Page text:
Central to achieving this is reaching agreement on the new GP contract. Given that Universal Health Insurance is long dead in the water, if government can't realise free GP care for the youngest and the oldest of the population, they will have zero integrity in the run up to the next election.
Minister Varadkar has prioritised reducing the numbers of delayed discharges and has a budget of €25 million to do it. It is not enough but if he can make some progress in the early months of 2015, this should have a knock-on impact on both the numbers waiting in Emergency Departments and for nursing home beds, which in turn could free up much-needed beds for elective care which could bring down waiting lists. All of this is very conditional on their strategies working and the system not being overwhelmed by demand.
Given the plethora of exposures of poor and sometime fatal care in the health system in 2014, evidenced in the number of high profile maternal and baby deaths in our maternity units, the abuse in a HSE care home for people with disability, the deficiencies in the ambulance services, the health service has to be seen to hold staff to account and to improve patient care, safety and quality of care. Real, tangible improvements have to take place in these areas as well as in others such as mental health and chronic diseases.
The 2015 Primary Care Operation Plan commits to 'introduce service improvements in relation to medical card eligibility assessment, medical card provision and reimbursement' and to 'implement the recommendations contained within the Report of the Expert Panel on Medical Card Eligibility, 2014'. The plan is predicated on a reduction of 55,000 medical cards in 2015, presumably based on assumption that that 55,000 people will no longer qualify for medical cards on the basis of low income as more people return to work.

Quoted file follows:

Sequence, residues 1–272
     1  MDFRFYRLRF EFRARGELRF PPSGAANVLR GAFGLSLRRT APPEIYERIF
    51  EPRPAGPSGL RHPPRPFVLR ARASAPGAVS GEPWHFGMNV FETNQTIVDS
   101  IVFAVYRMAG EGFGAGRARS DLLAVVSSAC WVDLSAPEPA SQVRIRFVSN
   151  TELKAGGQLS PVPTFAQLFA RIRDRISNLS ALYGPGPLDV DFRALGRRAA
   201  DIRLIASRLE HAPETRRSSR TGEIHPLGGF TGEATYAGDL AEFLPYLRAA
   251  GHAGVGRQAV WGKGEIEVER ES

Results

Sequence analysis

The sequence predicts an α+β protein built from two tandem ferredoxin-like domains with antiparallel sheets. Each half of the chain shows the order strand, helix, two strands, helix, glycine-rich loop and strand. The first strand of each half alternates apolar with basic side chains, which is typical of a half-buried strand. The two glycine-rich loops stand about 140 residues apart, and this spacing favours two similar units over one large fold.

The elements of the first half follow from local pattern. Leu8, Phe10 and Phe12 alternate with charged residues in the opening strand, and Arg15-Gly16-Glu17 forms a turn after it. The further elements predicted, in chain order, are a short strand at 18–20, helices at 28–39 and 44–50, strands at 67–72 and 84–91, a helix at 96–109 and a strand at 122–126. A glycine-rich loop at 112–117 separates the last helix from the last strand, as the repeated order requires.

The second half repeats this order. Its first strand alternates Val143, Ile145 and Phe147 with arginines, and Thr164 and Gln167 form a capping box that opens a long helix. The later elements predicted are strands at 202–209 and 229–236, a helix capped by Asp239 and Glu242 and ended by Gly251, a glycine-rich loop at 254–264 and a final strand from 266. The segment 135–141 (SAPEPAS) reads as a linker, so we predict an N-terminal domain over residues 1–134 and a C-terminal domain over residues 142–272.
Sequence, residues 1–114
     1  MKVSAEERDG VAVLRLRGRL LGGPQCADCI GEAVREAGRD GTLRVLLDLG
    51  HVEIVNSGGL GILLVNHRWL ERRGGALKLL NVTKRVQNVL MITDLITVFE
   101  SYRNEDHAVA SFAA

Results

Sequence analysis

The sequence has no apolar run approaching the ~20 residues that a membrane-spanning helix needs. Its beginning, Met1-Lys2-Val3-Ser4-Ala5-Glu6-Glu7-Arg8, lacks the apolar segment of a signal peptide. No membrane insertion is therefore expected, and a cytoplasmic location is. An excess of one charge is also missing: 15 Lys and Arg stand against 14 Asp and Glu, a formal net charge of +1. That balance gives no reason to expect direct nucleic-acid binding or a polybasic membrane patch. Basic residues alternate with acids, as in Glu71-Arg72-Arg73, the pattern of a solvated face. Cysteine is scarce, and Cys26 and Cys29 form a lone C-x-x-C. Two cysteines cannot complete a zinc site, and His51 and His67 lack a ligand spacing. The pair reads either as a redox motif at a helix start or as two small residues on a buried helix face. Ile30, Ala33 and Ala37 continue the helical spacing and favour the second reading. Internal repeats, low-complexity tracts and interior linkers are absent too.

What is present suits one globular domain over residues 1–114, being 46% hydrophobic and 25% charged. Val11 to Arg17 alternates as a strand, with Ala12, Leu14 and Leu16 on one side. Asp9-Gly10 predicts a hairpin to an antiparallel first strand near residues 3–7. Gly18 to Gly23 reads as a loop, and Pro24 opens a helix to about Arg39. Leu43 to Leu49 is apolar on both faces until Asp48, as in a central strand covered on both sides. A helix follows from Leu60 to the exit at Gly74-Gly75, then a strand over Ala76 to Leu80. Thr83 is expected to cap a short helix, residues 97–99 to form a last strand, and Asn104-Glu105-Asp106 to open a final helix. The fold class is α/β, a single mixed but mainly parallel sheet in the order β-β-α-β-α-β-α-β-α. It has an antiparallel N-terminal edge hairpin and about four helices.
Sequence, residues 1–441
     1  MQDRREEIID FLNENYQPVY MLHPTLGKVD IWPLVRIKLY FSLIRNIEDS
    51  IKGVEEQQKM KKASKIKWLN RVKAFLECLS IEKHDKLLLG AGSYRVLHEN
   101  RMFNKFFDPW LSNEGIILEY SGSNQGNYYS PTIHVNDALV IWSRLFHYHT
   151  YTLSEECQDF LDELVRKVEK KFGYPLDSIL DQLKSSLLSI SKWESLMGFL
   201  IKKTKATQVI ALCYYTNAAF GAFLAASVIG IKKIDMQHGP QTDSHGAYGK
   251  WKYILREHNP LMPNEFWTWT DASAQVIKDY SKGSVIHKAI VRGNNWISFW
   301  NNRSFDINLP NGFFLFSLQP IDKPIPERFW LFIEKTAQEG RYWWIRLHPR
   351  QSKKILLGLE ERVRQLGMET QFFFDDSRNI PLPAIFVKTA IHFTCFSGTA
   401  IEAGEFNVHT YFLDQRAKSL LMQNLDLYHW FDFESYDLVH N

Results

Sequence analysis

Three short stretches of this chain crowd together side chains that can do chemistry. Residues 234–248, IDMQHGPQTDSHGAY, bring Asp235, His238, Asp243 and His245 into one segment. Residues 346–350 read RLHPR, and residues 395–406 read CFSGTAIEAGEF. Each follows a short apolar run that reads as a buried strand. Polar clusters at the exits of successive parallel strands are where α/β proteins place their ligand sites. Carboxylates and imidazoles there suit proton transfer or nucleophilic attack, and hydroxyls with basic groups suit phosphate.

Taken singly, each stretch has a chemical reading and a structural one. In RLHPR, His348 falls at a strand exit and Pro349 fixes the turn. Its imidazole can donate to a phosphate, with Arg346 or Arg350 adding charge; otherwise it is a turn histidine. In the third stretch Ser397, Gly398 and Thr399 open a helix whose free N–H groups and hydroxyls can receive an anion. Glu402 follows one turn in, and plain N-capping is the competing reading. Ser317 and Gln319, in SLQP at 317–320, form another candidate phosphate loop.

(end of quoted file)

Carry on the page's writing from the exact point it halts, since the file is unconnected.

However, there are higher numbers of discretionary cards now than there has been at any time since 2012 and that is likely to continue. The withdrawal of medical cards from sick people could have brought the government down, but their u-turn and the Keane report saved it and they don't want any further backlash on medical cards in the run up to the next election.
The next general election may be the first time in the history of the State that all parties will campaign for universal health care. It will be really interesting to see where the government parties stand in their health manifestos and equally intriguing to see if and how Fianna Fail, Sinn Fein and the other parties flesh out their health policies. While Fine Gael and Labour have failed to deliver on most of their key commitments made in the last election, at least they both produced detailed health proposals. None of the other parties have done that.
It was obvious the moment he was appointed that the health ministry could make or break Leo Varadkar's political career. So far, it has made him, he has risen to the task, but next year will much more interesting. 2015 will be much harder, a real test of which direction the health services take and of the minister's metal.